Culture

From Mary Poppins to BDSM, Kelly Marcel Hired to Adapt Fifty Shades of Grey: The Argument for Casting Against Type

The race to bring pop culture's raciest literary phenomenon to the screen just passed its first milestone now that the producers shepherding Fifty Shades of Grey to the screen have hired screenwriter Kelly Marcel to adapt  E. L. James' dark erotic fantasia. It's taken over two months for producers Dana Brunetti and Michael De Luca to settle on a scribe, after news broke that they were considering a hodgepodge of left-field contenders for the gig, whose credits ranged from the chaste climes of  rom-com-landia ("One True Thing") to the straight-laced cinematic suburbia of family entertainment ("Bolt") to the only slightly more peregrine precincts of crime procedurals (TV's "The Killing"). And then there's Marcel, best known for "Saving Mr. Banks," a Disney biopic of Mary Poppins author P. L. Travers (which made the cut for the "Black List" of Hollywood's best unproduced spec scripts) starring Emma Thompson in the title role and Tom Hanks as Walt Disney.

But a closer look at the project reveals that perhaps leap from Disney to debauchery isn't as wide as one might suspect. There's certainly no shortage of weird sexual subtext in all those stories of scantily clad vulnerable princesses getting kissed while asleep when they're not under siege by fire-breathing beasts. And by all accounts, "Saving Mr. Banks" is not your daughter's Disney movie. The film tracks Travers' contentious relationships with the men in her life, intercutting her tense dealings with Walt Disney during the making of "Mary Poppins" and her similarly tumultuous upbringing with her father while growing up in Australia. Marcel clearly has a handle on dominance-submission dynamic, minus the cuffs and chains.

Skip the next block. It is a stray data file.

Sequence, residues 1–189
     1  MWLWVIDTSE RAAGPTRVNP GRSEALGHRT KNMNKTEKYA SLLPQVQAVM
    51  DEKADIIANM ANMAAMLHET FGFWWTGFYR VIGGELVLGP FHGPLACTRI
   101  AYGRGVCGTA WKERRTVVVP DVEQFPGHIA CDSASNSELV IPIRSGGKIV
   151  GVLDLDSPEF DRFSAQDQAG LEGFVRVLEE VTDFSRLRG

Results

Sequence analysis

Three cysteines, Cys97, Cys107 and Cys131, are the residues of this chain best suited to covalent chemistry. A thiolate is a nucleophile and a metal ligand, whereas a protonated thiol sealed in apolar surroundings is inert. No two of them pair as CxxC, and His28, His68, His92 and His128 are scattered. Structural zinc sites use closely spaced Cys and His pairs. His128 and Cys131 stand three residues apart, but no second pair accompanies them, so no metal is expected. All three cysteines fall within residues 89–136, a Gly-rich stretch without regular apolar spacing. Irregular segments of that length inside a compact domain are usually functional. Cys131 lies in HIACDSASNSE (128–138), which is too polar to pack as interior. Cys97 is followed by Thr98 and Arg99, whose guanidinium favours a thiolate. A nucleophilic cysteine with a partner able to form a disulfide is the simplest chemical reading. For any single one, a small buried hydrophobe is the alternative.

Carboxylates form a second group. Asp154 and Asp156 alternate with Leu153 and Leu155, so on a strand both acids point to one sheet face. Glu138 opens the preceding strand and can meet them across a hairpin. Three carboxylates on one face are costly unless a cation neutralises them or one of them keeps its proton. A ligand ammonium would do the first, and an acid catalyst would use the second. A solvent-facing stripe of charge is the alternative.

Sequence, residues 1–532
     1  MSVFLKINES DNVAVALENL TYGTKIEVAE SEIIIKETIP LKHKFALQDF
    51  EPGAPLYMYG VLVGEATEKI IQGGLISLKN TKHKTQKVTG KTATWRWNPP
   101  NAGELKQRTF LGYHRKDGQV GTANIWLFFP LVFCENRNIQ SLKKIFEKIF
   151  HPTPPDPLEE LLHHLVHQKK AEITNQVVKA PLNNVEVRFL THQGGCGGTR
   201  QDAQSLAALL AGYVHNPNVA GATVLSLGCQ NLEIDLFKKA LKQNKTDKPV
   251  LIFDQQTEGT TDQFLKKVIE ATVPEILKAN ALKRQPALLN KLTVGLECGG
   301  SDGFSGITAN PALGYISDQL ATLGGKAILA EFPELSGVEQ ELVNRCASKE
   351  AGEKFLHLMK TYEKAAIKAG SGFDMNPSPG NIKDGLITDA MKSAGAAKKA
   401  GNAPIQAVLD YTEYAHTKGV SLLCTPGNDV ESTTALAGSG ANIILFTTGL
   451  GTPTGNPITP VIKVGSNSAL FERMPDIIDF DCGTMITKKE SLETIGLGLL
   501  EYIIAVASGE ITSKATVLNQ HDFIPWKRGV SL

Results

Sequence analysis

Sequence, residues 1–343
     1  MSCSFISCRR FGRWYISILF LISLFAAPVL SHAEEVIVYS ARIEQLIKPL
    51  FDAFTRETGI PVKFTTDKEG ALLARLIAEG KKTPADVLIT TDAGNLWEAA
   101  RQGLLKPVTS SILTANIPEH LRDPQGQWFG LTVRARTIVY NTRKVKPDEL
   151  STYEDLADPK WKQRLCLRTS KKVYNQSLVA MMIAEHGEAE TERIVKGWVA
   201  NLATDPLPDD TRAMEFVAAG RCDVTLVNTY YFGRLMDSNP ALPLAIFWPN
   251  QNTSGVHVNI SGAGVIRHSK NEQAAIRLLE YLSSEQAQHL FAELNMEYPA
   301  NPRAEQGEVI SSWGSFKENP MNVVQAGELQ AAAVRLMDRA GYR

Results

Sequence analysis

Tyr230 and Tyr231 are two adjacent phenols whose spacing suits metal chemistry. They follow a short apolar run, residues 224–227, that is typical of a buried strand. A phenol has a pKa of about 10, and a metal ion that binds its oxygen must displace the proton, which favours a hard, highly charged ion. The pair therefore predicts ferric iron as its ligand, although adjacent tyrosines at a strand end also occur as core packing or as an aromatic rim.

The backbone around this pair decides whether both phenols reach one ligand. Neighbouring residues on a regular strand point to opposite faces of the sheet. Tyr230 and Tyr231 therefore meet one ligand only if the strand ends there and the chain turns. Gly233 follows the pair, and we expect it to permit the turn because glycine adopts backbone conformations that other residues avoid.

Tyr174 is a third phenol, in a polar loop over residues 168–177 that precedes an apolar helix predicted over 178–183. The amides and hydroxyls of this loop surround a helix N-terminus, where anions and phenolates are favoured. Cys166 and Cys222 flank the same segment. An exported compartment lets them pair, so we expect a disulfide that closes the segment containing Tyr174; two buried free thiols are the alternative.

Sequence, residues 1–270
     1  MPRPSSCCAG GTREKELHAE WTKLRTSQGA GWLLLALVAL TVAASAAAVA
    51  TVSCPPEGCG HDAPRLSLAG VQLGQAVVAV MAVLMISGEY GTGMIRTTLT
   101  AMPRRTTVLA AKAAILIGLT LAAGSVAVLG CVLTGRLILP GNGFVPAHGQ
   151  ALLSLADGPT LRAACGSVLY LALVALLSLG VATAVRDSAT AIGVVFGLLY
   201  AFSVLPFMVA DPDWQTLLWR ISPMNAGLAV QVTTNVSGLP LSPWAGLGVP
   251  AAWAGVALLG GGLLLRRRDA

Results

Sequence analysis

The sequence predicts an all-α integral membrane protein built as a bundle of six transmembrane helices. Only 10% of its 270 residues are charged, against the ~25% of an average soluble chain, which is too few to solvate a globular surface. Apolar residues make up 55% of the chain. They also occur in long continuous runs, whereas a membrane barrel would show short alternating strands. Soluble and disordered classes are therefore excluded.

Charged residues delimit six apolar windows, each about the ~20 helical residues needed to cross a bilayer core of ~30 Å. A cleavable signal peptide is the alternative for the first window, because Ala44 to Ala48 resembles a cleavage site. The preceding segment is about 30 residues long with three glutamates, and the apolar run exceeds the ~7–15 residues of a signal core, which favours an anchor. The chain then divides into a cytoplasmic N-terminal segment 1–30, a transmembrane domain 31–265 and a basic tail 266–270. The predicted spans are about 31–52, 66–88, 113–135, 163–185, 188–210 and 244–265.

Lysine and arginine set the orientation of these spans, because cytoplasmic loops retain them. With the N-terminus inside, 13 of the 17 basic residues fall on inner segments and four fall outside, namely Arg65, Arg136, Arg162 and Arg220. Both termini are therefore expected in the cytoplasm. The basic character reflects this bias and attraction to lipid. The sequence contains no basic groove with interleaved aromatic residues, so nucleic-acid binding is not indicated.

And while this unexpected hiring choice is certain to unleash a storm of blowback from Fifty Shades purists, there is an argument to be made that the decision to cast against type is more in keeping with the book's subversive spirit than going with one of the usual suspects known for a facility with saucy material. In today's risk-averse climate, it's become increasingly rare for a studio to sign off on any hiring decision that veers from a very literal and limited interpretation of an artist's capacity for invention and reinvention -- most calls are made based on a proven track record of success in whatever narrow milieu the project in question happens to fall. In other words, the obvious choice is often the only choice.

Brunetti and De Luca (with a major assist from Focus Features) should be commended for their boldness if nothing else. But now that they've put a screenwriter on the case, they've undoubtedly already turned their attentions to nailing down a director and two lead actors. It's hard to imagine three more closely watched and hotly contended hiring decisions than these. But if Marcel is any indication, it might be wise to trash those widely circulated fan-favorite wish lists of actors and filmmakers destined for the project. Sorry, Team Ryan Gosling and Mila Kunis. Condolences to Adrian Lyne admirers. This may not be the project upon which to stake your cinematic hopes and dreams.

In the spirit of exorcising expectations, here is our anti-type casting short list of director picks: Andrea Arnold, Sarah Polley, Lisa Cholodenko. We encourage you to weigh in with your out-of-the-box choices for key roles behind and in front of the camera.